Opposition figures appeared to despair at the CNE ruling. Verifying the signatures of 1 million people person-by-person would be “physically impossible,” said María Corina Machado, a spokesperson for Sumate, “especially if we have to defend each and every one of these signatures. The way the government has it now, none of the challenged signatures are valid unless a person shows up and says, ‘Yes, that’s my signature.’” Sumate is a group that spearheaded the anti-Chávez petition campaign with the help of tens of thousands of dollars from the U.S.-based National Endowment for Democracy.

The opposition coalition has lobbied for a system in which disputed signatures can only be removed by the person whose signature appears on the petition. Electoral authorities, however, have said the reconfirmation process must take place by the rules they announced or the recall referendum request would be declared null and void.

Having missed the requirement for a referendum apparently by as many as 600,000 signatures, the pro-imperialist opposition has lost the initiative and has divided.

After the March 6 opposition protest in downtown Caracas, a number of Coordinadora Democrática leaders said they want to continue staging protests to press for a recall vote. Others, however, called for rejecting the validation process altogether and taking to the streets to confront the Chávez government directly.  
Stake in the unfolding showdown
Chávez was elected president in 1998 with huge popular support against the traditional capitalist parties, which now dominate the opposition coalition along with the country’s main business association, Fedecámaras. He was re-elected by a similar margin in 2000. A former paratrooper in the National Guard, Chávez achieved prominence through a failed 1992 military coup, which he presented as a response by “progressive” military officers to the repercussions of a 1989 working-class rebellion known as the Caracazo.

In that revolt, working people broke into supermarkets to take food and poured into the streets, marching toward wealthy neighborhoods to protest steep price hikes, skyrocketing unemployment, and rapidly deteriorating living and working conditions. President Carlos Andrés Pérez of Democratic Action, a social democratic party, sent the military to crush the Caracazo. It is estimated that the army killed more than 3,000 people in Caracas alone.

After the failure of the 1992 coup, popular discontent spread as the Democratic Action regime unleashed fierce repression.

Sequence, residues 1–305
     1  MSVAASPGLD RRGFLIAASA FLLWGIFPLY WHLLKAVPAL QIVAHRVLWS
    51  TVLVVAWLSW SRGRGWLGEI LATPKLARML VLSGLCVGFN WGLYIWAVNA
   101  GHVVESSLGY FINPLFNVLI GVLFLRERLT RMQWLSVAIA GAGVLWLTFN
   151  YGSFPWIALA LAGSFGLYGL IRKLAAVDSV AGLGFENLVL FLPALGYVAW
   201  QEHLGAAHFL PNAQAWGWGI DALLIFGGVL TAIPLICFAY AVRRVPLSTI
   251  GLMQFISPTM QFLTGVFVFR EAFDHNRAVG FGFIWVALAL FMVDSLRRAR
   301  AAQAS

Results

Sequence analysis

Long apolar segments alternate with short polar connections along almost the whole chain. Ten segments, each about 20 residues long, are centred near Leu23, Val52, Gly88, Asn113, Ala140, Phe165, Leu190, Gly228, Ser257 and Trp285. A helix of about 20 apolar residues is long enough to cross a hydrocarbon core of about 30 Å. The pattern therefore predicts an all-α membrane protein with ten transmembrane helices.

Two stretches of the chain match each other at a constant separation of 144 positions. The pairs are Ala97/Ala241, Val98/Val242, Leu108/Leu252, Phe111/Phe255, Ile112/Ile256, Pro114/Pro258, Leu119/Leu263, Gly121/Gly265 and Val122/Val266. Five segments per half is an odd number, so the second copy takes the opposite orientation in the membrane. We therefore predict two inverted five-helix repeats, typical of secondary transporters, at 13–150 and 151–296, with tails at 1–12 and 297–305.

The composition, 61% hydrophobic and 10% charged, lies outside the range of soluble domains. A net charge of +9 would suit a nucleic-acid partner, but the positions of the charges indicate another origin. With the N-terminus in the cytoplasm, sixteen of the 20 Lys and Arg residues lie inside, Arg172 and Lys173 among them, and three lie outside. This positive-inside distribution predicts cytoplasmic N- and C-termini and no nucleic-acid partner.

Chávez is the head of a Bonapartist regime—a government whose central figure presents himself as a “strong man” standing above the traditional political institutions and balancing class interests between the country’s impoverished majority and the wealthy classes.

For example, the government has used the National Guard for popular programs such as the distribution of food in workers districts at prices half of those in the regular markets. At the same time, it has also used the same troops on occasion to evict peasants from land they have taken over in disputes with capitalist landlords.

Chávez’s party, the Fifth Republic Movement (MVR), is a multi-class formation. While he often appeals to working people and small businessmen to rally behind his government’s policies, he also draws support from some middle-class layers and a minority section of the capitalist class.

The bourgeois nationalist government has left the country’s capitalist social relations virtually intact. The capitalist class in Venezuela, one of Latin America’s most industrialized and wealthiest countries, continues to hold state power, and is using its economic power to try to cripple the government.

The Chávez administration has drawn the wrath of the decisive layers of the domestic capitalists and landlords, as well as Washington, because of policies—including a land reform and other measures adopted in the fall of 2001—that if implemented would cut into the prerogatives of local and foreign finance capital. Diplomatic and trade ties with revolutionary Cuba established by Caracas since 1998 have also fueled the developing class confrontation.

The U.S. government has placed the Chávez regime in its cross hairs because of large mobilizations by working people the last two years—from the takeover of millions of acres by landless peasants, to the popular outpouring that derailed an April 2002 military coup and a bosses’ “strike” a year ago. Through these struggles Venezuela’s workers and peasants have gained self-confidence and heightened expectations. They are the main obstacles to the current pro-imperialist drive to unseat the president through a referendum.